The thought of eating kidney, brain or liver is not exactly the most appetizing for the majority of people in the United States. Then again, neither is the idea of a plate of crickets and mealworms. However, what if considering a shift in our cuisine paradigm is what’s needed in order to make giant steps both for an increase in the consumption of nutrients and the state of the environment?
Organically raised, grass-fed animals provide some of the most richly nutrient organs you can eat. Sadly, the conditions in which most food animals are raised nowadays involve veterinary drugs and poor diets, which does not result in the the cleanest organs. Aside from the cultural differences that have not made eating every part of an animal commonplace in America, organmeats have also been given a bad image in the media, due to myths about cholesterol and animal fat.
However, it should be noted that most animals start by eating the organs of their prey because they are the densest source of nutrition. Traditionally in other cultures, people would carefully prepare entire animals, and had the understanding that eating the organs supported the natural function of their bodies.
With the ever increasing prominence of chronic health conditions, the high amounts of CoQ10 in heart is attractive as CoQ10 is essential in energy production and preventing oxidative stress. While the taste of liver can take some getting used to, it may be worth getting creative! Liver has abundant levels of folate, choline and vitamin B12, as well as retinol (pre-formed vitamin A). This can help with skin problems. But that’s just the start- the vitamins, minerals, healthy fats and essential amino acids concentrated in heart, brain, liver, kidney, thymus, tripe, tongue (although technically a muscle) and more, make these organs the natural multi-vitamin.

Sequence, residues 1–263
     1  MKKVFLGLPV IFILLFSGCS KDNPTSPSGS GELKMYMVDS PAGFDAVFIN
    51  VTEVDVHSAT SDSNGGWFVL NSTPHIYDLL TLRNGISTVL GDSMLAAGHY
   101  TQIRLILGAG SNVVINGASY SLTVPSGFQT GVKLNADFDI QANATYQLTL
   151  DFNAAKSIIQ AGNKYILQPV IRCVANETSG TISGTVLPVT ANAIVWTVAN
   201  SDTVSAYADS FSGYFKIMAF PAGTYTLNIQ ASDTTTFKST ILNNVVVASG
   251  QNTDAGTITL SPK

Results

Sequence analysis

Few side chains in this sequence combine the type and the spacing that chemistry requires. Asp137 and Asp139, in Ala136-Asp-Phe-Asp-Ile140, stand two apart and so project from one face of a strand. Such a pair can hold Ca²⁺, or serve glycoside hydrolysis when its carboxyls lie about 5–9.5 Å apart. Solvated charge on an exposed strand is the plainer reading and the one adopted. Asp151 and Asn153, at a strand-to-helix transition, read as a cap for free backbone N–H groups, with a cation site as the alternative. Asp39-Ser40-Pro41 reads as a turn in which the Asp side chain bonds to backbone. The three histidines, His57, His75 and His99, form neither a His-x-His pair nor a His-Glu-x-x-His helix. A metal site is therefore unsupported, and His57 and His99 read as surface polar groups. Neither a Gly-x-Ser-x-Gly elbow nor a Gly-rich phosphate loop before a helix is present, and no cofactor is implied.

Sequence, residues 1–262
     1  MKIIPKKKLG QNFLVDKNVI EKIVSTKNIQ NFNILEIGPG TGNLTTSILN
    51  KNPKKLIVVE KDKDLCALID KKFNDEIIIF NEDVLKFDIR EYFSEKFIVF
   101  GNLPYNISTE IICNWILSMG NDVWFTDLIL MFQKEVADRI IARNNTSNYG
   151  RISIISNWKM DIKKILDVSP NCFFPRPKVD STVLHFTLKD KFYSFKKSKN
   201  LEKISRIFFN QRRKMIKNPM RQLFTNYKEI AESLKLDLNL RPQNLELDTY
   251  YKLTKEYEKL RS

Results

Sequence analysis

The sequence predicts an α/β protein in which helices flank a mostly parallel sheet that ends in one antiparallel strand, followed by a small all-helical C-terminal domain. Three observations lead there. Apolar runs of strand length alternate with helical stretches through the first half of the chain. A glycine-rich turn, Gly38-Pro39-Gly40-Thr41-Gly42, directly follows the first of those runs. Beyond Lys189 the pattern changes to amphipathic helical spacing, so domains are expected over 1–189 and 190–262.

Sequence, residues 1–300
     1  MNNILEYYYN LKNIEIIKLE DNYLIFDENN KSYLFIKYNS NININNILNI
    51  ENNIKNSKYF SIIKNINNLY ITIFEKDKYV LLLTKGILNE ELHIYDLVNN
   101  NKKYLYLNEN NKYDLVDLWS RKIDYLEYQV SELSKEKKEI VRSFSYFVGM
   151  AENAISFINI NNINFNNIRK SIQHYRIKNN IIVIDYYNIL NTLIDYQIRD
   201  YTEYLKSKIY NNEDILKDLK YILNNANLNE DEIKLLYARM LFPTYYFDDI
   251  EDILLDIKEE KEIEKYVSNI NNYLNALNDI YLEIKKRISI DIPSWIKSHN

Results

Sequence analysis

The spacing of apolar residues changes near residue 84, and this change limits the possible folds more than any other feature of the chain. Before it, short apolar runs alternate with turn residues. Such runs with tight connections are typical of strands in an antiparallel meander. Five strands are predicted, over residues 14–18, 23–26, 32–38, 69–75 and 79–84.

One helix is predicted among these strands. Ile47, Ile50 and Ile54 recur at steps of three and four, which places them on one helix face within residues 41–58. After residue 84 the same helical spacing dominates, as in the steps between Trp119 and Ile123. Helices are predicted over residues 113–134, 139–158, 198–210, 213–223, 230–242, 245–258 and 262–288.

As it pertains to insects…nutritious, abundant and environmentally friendly. While these critters are not often seen on the menus of American households or restaurants, consider these quick points from AsapSCIENCE:
– 100 g of crickets has comparable protein content as 100g of steak, pork or chicken, but is higher calcium, zinc, and iron, while mealworms contain more fiber
– 22,000 L of water is needed to produce 1 kg of beef, but only 1 L of water is needed to produce 1 kg of crickets
– 80% of a cricket is edible and digestible, while only 50% of chicken and 40% of cattle is
Not only that…but there are already insect parts in our vegetables, peanut butter and beer- so is it really that far fetched to consume what is more popularly eaten in other countries, such as the Congo?
Look out, acai! Perhaps, soon enough, insects will be the newest superfood.